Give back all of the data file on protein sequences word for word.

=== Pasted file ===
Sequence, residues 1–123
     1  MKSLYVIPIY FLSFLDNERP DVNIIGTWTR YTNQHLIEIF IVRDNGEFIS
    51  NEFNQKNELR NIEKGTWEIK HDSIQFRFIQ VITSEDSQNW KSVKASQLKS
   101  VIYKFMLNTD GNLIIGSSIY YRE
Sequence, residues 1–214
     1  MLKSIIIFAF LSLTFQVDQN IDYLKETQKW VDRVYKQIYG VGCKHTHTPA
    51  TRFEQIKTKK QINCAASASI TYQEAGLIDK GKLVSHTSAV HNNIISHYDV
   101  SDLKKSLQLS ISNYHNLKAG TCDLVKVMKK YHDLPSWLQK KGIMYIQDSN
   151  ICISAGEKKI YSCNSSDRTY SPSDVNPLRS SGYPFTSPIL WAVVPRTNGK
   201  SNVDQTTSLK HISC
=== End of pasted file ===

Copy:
Sequence, residues 1–123
     1  MKSLYVIPIY FLSFLDNERP DVNIIGTWTR YTNQHLIEIF IVRDNGEFIS
    51  NEFNQKNELR NIEKGTWEIK HDSIQFRFIQ VITSEDSQNW KSVKASQLKS
   101  VIYKFMLNTD GNLIIGSSIY YRE
Sequence, residues 1–214
     1  MLKSIIIFAF LSLTFQVDQN IDYLKETQKW VDRVYKQIYG VGCKHTHTPA
    51  TRFEQIKTKK QINCAASASI TYQEAGLIDK GKLVSHTSAV HNNIISHYDV
   101  SDLKKSLQLS ISNYHNLKAG TCDLVKVMKK YHDLPSWLQK KGIMYIQDSN
   151  ICISAGEKKI YSCNSSDRTY SPSDVNPLRS SGYPFTSPIL WAVVPRTNGK
   201  SNVDQTTSLK HISC